German Reporter Decries Silence Over Assault Charges

German photojournalist Nick Nostitz filing a complaint with the police after he was attacked by PCAD demonstrators in November 2013.

BANGKOK — A German photojournalist who was assaulted by anti-government protesters last year has urged police to step up the investigation against his attackers.

Freelance photojournalsit Nick Nostitz told Khaosod that he filed charges against the anti-government protest leader and former Democrat Party MP Chumpol Jumsai on 26 November 2013, a day after Mr. Chumpol told a crowd of protesters to attack him, yet police have not made any progress in their investigation over the last eight months.

The journalist was covering an anti-government demonstration on Ratchadamnoen Avenue on 25 November when Mr. Chumpol spotted him among the crowd and urged the protesters to "expel" him from the protest site because he was "Redshirt reporter." Mr. Nostitz was promptly beaten by a group of protesters, forcing nearby police officers to intervene and rescue him. 

"I gave them all kinds of evidence, such as photos and videos at the moment of assault that other photographers recorded," Mr. Nostitz said, "When I asked Dusit Police Station [where he filed the charge], they told me the case is being handled by the Division of Special Investigation. But no one can give me answers about the current stage of the criminal investigation, even though it's been eight months."


The journalist said he has also complained about the incident to the National Human Rights Commission, yet the agency has not taken any helpful action.

Mr. Nostitz compared the silence over his case to the arrests of anti-government protesters who allegedly shot at and assaulted Royal Thai Army officer Col. Witthawat Wattanakul and pilot Surasak Sowattanakul during their campaign against the former government.

"The police have already arrested the suspects in those two cases, so I ask the police to speed up the investigation in my case, too," Mr. Nostitz said, adding that he still feels unsafe even after the anti-government protests ceased following the 22 May military coup.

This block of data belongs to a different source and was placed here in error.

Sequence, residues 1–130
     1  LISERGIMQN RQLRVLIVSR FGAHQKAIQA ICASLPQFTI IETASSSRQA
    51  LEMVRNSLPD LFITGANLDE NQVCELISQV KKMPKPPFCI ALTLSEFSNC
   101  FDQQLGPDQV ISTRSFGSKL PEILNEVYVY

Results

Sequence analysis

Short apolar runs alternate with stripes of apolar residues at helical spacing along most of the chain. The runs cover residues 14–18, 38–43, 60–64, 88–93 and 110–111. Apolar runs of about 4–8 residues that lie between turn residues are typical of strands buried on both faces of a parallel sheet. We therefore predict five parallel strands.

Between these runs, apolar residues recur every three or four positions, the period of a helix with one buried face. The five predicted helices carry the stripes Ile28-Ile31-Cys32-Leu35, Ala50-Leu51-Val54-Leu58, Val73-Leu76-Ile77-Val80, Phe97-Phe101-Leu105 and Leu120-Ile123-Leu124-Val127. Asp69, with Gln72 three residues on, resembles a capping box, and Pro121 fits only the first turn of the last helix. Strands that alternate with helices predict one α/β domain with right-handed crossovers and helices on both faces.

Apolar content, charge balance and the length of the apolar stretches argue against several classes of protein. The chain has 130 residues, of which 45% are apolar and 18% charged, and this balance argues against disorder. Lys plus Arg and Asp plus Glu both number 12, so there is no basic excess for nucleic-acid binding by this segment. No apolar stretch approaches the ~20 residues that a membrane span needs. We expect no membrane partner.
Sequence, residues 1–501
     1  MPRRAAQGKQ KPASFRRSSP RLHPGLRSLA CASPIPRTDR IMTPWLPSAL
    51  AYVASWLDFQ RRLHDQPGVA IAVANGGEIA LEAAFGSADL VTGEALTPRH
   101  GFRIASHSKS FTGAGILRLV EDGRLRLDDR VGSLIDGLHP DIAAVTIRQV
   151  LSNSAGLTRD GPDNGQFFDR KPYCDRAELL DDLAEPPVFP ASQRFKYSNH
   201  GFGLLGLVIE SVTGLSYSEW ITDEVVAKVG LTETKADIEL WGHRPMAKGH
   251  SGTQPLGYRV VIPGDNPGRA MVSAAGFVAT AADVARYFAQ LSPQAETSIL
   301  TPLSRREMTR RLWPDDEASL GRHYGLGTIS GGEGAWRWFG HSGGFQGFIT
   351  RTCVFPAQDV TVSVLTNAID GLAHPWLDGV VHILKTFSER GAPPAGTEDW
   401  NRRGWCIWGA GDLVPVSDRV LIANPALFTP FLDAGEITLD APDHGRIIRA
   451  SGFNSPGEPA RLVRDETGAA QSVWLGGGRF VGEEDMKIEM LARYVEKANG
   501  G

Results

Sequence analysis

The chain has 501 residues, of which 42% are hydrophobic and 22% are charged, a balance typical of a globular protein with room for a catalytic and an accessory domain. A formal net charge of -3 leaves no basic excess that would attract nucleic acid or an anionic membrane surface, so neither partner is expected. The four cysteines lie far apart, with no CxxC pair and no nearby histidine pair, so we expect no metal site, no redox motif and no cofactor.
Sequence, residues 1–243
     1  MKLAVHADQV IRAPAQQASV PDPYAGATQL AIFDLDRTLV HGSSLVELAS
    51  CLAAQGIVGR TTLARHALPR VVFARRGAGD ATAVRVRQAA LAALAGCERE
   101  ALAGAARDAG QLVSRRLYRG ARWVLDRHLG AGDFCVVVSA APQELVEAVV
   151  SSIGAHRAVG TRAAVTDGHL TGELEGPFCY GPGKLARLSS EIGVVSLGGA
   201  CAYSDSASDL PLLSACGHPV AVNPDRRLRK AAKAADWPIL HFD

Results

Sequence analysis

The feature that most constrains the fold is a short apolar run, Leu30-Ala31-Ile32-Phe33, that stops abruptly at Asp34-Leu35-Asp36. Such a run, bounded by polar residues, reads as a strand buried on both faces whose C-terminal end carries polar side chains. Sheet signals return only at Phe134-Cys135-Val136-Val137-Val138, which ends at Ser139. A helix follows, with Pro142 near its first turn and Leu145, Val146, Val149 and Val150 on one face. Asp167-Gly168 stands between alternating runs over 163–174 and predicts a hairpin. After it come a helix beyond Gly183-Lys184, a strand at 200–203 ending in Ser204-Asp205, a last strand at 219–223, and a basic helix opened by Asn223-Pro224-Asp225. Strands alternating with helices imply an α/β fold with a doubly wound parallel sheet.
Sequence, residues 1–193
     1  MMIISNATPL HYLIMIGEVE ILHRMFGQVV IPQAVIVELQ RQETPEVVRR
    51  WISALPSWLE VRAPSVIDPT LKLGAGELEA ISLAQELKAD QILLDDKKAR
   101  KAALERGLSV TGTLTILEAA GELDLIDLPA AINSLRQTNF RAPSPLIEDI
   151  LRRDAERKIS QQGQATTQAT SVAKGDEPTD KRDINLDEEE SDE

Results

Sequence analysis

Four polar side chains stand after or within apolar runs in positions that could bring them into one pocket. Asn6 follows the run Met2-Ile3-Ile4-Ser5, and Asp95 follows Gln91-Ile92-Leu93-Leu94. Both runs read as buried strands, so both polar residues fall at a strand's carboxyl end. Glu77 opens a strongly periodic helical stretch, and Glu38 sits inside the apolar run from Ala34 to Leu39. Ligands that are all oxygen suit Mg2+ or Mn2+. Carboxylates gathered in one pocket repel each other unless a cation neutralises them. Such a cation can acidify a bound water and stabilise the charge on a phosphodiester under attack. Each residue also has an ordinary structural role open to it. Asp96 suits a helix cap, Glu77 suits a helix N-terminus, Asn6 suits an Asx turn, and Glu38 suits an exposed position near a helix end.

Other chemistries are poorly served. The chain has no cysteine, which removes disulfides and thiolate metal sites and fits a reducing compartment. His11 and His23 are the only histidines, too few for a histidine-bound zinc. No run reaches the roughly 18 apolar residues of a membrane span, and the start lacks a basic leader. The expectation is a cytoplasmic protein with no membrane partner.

"I don't feel safe because I am constantly intimidated by supporters of the PCAD who phoned me to berate me and my family," Mr. Nostitz said, using the acronym of the anti-government People's Committee for Absolute Democracy With the King As Head of State. "Whenever I go out I have to be careful. I can't do my job as a reporter as normal. I can barely make a living these days."

He also demanded PCAD leaders like Mr. Chumpol apologise to him for accusing him of being a "Redshirt reporter."

"What do they want from me? I am not a Redshirt or a Yellowshirt or any-shirt. I am a journalist. How can I accept reconciliation when I still have not received any justice?" 

A veteran journalist who has been covering Thailand for more than a decade, Mr. Nostitz has reported extensively on the Red-Yellow political crisis that has sharply polarized Thai politics since the 2006 military coup. 

Although Mr. Nostitz spent considerable time covering demonstrations and protests of both Redshirt and Yellowshirt factions, he eventually became a target of intimidation from many Yellowshirt supporters who viewed him as aligned with the Redshirt movement. 

In May 2014 Mr. Nostitz was nearly abducted by several PCAD guards while he was covering news at the Constitutional Court in Bangkok. The guards reportedly attempted to take him to the PCAD leader Buddha Issara, a monk who has a record of capturing and torturing undercover police officers.



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